Pandemic won’t get you out of ticket, North Van RCMP warn

Pandemic or no pandemic, the law is still the law, North Vancouver RCMP say.

Police doing routine traffic stops have been getting an uptick in back-talk from drivers, particularly from folks who say police priorities should be elsewhere.

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"We’re getting a newer version of, 'You should be out catching serious criminals instead of writing me a ticket,’” said Sgt. Peter DeVries, North Vancouver RCMP spokesman. "Now we’re being told 'You should be out fighting COVID-19 instead of writing me a ticket.'"

North Vancouver resident Kathryn Taft put her concerns in writing Thursday after she was dinged making an illegal right turn at Old Dollarton Road during her morning commute.

Taft accepts that she disobeyed the law, but in a letter to police, she questions the wisdom of deploying officers to enforce traffic calming measures at a time when there is next to no traffic on the roads, thanks to COVID-19.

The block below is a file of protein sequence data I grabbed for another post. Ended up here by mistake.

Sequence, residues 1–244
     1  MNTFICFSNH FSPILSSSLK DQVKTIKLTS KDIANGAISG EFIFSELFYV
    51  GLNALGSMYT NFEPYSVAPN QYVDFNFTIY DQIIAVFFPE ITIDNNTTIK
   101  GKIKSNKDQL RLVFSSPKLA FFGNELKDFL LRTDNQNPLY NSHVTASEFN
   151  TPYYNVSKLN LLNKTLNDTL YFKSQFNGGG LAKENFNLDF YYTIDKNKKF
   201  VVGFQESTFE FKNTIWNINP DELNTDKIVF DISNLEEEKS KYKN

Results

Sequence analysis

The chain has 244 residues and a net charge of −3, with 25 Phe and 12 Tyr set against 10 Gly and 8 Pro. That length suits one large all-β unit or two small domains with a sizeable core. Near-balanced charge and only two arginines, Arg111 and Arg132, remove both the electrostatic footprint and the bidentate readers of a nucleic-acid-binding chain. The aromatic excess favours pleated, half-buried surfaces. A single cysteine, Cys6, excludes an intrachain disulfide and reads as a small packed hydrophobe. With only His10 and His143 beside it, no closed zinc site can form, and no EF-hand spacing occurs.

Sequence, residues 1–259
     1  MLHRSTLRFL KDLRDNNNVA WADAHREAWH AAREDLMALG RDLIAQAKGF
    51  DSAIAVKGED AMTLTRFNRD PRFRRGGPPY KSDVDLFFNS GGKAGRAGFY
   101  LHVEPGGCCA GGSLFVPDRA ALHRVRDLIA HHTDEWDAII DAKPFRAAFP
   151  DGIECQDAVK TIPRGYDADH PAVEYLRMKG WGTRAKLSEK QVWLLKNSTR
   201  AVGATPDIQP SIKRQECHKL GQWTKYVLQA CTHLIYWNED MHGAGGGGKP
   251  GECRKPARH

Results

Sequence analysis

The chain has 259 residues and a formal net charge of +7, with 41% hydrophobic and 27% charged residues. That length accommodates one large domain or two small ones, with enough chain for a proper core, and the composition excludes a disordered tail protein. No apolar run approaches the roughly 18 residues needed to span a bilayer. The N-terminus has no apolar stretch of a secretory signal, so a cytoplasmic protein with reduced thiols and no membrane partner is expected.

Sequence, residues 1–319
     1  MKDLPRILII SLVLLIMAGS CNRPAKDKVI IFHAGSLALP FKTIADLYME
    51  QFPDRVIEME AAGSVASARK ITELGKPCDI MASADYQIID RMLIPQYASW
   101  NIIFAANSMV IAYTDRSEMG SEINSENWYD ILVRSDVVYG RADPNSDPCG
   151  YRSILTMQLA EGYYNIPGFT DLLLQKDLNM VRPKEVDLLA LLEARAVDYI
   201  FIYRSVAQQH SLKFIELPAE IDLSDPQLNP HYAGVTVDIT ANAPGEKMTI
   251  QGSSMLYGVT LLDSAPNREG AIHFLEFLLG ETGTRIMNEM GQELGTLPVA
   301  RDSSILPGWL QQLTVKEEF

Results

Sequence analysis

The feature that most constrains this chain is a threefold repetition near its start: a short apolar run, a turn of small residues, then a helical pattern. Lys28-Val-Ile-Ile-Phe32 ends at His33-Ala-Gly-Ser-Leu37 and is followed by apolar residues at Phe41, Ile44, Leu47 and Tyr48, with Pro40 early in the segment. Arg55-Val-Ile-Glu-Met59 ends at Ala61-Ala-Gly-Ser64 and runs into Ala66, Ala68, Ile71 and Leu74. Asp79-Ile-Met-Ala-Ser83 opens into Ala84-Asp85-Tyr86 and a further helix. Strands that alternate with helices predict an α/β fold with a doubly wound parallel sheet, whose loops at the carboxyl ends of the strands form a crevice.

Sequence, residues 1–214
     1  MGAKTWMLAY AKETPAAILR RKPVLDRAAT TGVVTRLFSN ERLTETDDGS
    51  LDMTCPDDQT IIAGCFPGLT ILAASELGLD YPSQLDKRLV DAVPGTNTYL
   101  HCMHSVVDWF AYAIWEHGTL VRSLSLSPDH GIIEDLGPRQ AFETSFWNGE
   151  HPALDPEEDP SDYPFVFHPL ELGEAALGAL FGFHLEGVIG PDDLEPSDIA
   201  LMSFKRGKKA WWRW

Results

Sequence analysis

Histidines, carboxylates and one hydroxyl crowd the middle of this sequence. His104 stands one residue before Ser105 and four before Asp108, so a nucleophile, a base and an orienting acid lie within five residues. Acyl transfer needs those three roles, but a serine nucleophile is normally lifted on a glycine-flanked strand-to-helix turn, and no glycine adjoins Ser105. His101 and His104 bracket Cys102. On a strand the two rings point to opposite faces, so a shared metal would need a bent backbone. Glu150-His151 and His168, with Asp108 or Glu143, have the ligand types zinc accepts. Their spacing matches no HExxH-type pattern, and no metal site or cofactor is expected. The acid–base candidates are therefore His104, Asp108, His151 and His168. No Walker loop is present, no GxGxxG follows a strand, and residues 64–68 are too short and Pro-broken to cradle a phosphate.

“On top of it, your officer did not wear gloves, handled a variety of drivers licences, and did not stand six feet away when speaking to me and giving me a ticket,” she wrote. “In my opinion, at this particular time, the RCMP efforts would be much better deployed addressing physical distancing concerns, domestic violence issues and other much more pressing issues flowing from this crisis. To say the least, I am unimpressed by the judgment of the RCMP in this matter.”

The number of tickets issued in the month of March was down significantly compared to the same period last year, simply because so many people are following the province’s orders and staying home whenever possible, DeVries said.

“But that certainly doesn’t mean it’s now a free-for-all. Absolutely not," he added.

Police have made a lot of changes to the way they deal with the public in light of COVID-19, DeVries said, but sometimes there’s no getting around getting up close.

“We still have to keep the roads safe for the people who are using them. We can't just stop doing traffic enforcement,” he said. “These are kind of unavoidable realities of doing enforcement. And we are doing everything we can to minimize those risks.”

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